A Maryland woman suing Fried, Frank, Harris, Shriver & Jacobson pro se for legal malpractice survived a motion to dismiss today, although the District of Columbia Superior Court judge made it clear that he was doubtful of the case's merits and that he'd like both sides to attempt to resolve the case.
Fried Frank agreed to represent Michelle Etlin pro bono in early 2008, to assist her in defending against an attempt by Virginia authorities to enforce a child support action against Etlin in Virginia and Maryland. Etlin sued (PDF) the firm in Oct. 2011, claiming they failed to adequately represent her. She accused firm attorneys of making decisions that harmed her interests, ignoring her wishes and misinforming her of what was going on.
The defendants denied any wrongdoing, writing in a motion (PDF) that they “provided the top quality legal services that the firm is known for” and secured dismissal of one of the cases Etlin had asked them to fight before their representation ended. The firm and individual attorneys named in the lawsuit moved to dismiss, arguing that Etlin’s complaint was filed after the three-year statute of limitations had expired and that she had failed to state a claim.
“Defendants zealously represented Plaintiff in an attempt to achieve the best possible result for her in the face of a questionable legal posture,” the firm argued. “Plaintiff is attacking the pro bono services she received with bold and baseless allegations that, even if taken as true, cannot conceal the fact that she suffered no harm from Defendants’ representation, only benefit.”
At this morning’s hearing, Judge John Mott acknowledged that Etlin’s complaint was confusing and “hard to read” at times, but said that he saw sufficient pleadings of facts by Etlin to deny the firm’s motion to dismiss. He did dismiss one of the named attorneys as a defendant, though, finding that he hadn’t been directly involved in the events at issue.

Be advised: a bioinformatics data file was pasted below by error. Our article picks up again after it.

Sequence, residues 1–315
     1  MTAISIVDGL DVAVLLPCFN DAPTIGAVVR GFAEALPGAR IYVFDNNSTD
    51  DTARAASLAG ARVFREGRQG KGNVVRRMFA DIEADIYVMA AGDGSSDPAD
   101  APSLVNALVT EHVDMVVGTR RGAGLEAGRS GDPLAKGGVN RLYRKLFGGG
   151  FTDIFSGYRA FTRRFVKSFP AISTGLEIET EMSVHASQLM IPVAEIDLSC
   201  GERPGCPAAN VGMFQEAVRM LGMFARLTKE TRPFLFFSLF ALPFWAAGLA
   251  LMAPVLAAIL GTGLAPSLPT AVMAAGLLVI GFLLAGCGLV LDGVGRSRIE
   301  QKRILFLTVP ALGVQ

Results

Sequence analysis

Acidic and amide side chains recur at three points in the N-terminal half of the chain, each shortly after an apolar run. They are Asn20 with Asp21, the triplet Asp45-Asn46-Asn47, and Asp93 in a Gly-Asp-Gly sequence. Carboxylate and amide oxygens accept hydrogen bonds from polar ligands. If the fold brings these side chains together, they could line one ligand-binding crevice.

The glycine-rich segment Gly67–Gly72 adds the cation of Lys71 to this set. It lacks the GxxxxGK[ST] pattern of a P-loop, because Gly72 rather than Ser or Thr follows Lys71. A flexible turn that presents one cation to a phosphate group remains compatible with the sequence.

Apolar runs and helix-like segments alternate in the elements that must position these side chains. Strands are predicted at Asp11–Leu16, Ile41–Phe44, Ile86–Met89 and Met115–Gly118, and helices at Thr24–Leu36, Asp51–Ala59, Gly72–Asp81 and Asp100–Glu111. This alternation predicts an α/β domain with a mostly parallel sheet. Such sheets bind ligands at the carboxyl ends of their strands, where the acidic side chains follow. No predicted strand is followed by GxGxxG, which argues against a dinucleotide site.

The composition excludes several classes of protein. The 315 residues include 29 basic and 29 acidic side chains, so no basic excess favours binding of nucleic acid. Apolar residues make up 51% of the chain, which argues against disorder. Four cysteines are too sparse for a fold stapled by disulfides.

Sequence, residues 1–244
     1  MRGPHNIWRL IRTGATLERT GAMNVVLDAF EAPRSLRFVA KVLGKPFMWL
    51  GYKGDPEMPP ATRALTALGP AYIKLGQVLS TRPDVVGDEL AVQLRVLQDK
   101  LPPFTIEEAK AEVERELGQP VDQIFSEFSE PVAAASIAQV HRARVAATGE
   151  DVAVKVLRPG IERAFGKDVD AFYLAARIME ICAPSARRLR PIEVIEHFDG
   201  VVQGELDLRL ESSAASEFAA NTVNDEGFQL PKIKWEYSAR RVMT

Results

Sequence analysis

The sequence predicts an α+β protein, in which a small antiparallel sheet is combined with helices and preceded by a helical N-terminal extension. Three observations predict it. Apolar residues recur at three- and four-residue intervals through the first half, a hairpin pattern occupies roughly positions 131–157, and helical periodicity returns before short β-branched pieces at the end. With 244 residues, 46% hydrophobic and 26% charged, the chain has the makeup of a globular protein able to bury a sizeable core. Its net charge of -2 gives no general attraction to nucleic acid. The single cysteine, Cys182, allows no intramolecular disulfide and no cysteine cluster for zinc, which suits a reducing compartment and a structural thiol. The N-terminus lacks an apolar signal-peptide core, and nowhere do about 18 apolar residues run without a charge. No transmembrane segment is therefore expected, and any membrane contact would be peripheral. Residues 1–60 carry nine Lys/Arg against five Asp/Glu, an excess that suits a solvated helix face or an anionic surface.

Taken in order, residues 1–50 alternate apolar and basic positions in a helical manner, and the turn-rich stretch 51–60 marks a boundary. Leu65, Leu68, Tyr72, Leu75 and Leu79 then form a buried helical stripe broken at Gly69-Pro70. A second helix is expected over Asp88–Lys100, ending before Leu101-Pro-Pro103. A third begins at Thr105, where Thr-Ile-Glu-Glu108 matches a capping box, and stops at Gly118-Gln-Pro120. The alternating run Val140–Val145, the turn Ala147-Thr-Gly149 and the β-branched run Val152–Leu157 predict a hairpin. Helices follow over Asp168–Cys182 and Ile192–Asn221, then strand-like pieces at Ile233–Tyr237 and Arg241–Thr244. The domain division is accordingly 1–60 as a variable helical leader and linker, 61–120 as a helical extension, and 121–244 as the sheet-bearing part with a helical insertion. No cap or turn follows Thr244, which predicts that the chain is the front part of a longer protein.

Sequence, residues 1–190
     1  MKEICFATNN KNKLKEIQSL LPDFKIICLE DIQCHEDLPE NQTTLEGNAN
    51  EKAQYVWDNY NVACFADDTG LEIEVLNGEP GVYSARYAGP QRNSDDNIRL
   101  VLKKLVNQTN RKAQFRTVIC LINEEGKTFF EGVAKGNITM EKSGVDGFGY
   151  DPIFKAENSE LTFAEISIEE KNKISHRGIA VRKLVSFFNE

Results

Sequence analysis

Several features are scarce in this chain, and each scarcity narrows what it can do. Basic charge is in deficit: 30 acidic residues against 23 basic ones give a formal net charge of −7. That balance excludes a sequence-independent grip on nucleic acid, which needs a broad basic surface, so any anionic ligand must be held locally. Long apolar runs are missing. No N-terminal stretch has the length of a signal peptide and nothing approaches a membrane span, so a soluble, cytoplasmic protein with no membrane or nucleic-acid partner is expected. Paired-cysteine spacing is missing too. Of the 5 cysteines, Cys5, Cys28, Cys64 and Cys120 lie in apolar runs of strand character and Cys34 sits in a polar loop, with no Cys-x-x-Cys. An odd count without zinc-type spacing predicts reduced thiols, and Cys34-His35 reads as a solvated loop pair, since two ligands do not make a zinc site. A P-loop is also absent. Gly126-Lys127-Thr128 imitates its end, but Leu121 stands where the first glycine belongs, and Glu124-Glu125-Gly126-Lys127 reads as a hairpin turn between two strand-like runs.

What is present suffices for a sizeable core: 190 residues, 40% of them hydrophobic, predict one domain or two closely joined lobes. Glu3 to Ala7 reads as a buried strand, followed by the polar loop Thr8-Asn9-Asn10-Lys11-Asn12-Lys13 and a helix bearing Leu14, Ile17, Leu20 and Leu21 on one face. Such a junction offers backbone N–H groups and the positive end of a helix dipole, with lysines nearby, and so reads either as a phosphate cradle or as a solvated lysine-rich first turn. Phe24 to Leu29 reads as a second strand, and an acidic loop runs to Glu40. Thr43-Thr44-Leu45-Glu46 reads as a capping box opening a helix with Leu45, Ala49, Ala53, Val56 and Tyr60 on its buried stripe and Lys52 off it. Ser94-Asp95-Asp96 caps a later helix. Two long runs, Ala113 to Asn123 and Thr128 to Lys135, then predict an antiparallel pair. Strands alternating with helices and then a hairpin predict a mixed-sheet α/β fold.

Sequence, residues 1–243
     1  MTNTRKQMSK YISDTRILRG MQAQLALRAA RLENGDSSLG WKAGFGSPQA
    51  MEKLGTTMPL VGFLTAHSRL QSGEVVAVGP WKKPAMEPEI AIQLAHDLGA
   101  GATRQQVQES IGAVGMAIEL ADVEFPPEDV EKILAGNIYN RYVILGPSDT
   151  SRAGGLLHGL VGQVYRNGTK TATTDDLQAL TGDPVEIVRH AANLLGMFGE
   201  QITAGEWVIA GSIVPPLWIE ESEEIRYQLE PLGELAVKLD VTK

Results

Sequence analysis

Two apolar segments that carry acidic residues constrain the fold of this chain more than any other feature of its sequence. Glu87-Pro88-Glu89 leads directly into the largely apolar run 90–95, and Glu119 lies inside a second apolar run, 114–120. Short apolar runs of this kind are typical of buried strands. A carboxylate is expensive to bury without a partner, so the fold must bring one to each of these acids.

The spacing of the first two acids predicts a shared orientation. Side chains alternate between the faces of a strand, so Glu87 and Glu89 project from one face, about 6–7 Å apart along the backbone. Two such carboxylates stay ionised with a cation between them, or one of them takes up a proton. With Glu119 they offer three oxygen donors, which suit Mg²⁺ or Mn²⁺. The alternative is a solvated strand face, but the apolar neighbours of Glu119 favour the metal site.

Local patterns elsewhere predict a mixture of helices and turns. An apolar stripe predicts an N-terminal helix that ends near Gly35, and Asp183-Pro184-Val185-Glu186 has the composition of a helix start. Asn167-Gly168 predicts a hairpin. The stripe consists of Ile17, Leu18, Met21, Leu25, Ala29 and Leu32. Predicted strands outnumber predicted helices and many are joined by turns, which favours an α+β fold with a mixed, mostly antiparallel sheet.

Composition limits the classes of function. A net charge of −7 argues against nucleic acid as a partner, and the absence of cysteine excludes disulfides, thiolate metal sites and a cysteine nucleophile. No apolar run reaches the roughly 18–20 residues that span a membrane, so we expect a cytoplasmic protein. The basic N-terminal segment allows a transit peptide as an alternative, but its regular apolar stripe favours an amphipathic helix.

Mott warned Etlin, however, that he was doubtful her complaint could survive a motion for summary judgment, where the bar would be higher. “I really don’t know that there’s anything to this,” he said, urging both sides to resolve the matter before it went further. He assigned the case to mediation, as is required for civil cases in Superior Court.
The firm’s attorney, Thomas Murphy of Murphy & Mood in Rockville, told Mott that the firm had made attempts to settle that Etlin rejected. Etlin said she had been interested in settling, but wanted the firm to first turn over documents relating to their handling of her case. Murphy said they had already given Etlin in excess of 5,000 pages of documents, and that the information she wanted wasn’t relevant.
Mott stopped the discussion there, saying it would be a matter to hash out during discovery. He ordered both sides to come back and update the court on the case status on April 13.
Murphy declined to comment on behalf of the firm and the individual defendants, saying Fried Frank does not comment on pending litigation. Firm partner Douglas Baruch and former associate Amy Day are named defendants; former associate John Modzelewski was also named in the complaint, but Mott dismissed him from the case this morning.
After the hearing, Etlin said that based on Mott’s comments, she felt she had a “steep mountain to climb, but I intend to get my boots on and climb.”